Why I HATE Verified Accounts

verified accounts

Good friend, Jason Falls, had a fantastic Facebook update lambasting any social media person who signed up on Facebook for a verified account. His update isn’t safe for work, but it created quite a stir with the social media powers-that-be. His term for folks who signed up started with a “d” and ended in “bag”, hehe.

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A verified account is denoted by an obvious little green or blue check mark on the person’s profile on Twitter or Facebook. Verified simply means that Twitter or Facebook took the time to ensure that the person behind the account is the person who you think they are. At surface level, it sounds like a great idea… we don’t want people being deceived.

I HATE verified accounts for a couple reasons:

  • Not everyone can apply – as Scott Monty put it, the 1% have access to a verified account. Why not everyone? When I verified my business with Google+, I was able to do it quickly and with no hassle. It was and is open to everyone.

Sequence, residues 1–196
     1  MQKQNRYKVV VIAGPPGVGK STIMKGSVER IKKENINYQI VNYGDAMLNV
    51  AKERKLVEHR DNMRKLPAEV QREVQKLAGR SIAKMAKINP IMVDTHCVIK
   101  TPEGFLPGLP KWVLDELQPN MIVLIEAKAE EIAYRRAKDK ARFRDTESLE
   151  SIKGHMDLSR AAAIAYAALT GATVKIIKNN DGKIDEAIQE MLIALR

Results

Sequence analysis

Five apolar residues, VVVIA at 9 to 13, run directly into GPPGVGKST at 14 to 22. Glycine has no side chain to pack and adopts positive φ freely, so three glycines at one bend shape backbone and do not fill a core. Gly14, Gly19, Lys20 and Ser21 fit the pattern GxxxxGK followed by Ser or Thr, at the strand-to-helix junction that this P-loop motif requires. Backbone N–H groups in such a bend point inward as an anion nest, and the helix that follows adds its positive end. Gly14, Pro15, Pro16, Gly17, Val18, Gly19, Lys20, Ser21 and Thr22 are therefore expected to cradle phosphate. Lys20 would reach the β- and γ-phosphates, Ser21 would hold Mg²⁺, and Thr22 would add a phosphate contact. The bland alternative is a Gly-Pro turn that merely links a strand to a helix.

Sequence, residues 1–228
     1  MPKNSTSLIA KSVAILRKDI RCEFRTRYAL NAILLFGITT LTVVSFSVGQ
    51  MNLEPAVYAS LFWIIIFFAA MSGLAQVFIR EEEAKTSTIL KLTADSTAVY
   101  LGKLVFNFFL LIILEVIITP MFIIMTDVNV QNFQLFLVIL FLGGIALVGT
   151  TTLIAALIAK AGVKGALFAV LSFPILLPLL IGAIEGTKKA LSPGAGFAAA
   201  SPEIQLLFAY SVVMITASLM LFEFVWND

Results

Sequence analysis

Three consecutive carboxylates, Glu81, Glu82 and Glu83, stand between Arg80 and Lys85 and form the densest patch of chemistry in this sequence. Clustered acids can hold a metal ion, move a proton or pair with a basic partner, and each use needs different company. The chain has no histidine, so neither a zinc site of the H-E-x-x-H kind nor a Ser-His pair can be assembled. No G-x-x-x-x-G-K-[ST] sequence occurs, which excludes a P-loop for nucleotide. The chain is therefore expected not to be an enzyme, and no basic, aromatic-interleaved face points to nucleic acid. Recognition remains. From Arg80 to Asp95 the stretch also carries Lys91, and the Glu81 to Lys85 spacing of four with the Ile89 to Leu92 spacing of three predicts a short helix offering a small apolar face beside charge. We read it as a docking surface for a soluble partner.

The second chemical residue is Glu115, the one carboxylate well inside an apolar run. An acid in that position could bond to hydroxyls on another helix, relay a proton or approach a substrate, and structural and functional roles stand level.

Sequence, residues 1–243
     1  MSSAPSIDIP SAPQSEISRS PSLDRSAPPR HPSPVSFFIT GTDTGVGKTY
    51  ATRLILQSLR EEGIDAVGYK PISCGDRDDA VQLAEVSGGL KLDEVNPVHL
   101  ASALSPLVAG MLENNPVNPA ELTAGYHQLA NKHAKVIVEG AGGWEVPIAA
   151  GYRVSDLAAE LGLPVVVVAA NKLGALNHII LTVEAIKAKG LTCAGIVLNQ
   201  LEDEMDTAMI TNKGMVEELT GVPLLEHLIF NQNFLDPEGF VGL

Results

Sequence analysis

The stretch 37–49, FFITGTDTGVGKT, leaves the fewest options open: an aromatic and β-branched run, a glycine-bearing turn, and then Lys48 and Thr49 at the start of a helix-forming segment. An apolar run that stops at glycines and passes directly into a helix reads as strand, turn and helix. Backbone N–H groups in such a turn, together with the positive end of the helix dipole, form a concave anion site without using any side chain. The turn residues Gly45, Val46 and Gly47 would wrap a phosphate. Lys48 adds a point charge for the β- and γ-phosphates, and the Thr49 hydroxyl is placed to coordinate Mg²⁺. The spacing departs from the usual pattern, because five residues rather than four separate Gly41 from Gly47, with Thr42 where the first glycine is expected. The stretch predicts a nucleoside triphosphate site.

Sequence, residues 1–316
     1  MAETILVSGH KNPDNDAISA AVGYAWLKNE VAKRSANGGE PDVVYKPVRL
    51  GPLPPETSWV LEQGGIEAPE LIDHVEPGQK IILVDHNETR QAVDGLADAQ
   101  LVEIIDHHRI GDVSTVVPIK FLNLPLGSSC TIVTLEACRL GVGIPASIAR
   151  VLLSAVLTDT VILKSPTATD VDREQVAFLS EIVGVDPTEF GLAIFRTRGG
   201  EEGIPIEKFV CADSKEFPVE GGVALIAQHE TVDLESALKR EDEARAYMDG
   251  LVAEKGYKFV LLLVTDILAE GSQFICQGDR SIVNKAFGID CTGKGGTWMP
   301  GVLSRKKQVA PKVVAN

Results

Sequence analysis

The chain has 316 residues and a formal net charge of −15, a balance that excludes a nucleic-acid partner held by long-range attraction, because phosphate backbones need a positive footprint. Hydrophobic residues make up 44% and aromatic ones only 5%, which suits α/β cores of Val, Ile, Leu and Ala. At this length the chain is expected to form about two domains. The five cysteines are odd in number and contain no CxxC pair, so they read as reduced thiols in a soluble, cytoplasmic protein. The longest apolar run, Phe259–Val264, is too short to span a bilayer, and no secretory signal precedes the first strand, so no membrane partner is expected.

• It means more – everything is visual on the web. Whether it’s a green bar for a secure website, a high fan or follower count, a wikipedia page, or a badge from premium website, every indicator of influence and trust on the web matters and impacts peoples’ behavior online.

Because there are haves and have nots with verified accounts, democratization takes a back seat. Now some people will accelerate their growth – not because of the value they provide their network – but because they have a little green or blue check mark. That check mark decries “I’m more important than everyone else” and, as a result, will accelerate fans and following.

If you don’t believe me, you don’t understand the egos in this business. People are scrambling to get these verified accounts… even with no indication that anyone is utilizing their identity inappropriately. They’re scrambling to get them because they know that a little green or blue checkmark is gold. It will lead to a greater following, more speaking and writing opportunities, and – ultimately – more business. Not because of personal merit, but because of a visible checkmark.

Open the verification process to anyone who wants it. Just as we apply for SSL certificates or a Google+ business, put a methodology in place where everyone has the opportunity to verify their identity. Do it for everyone, or don’t do it at all.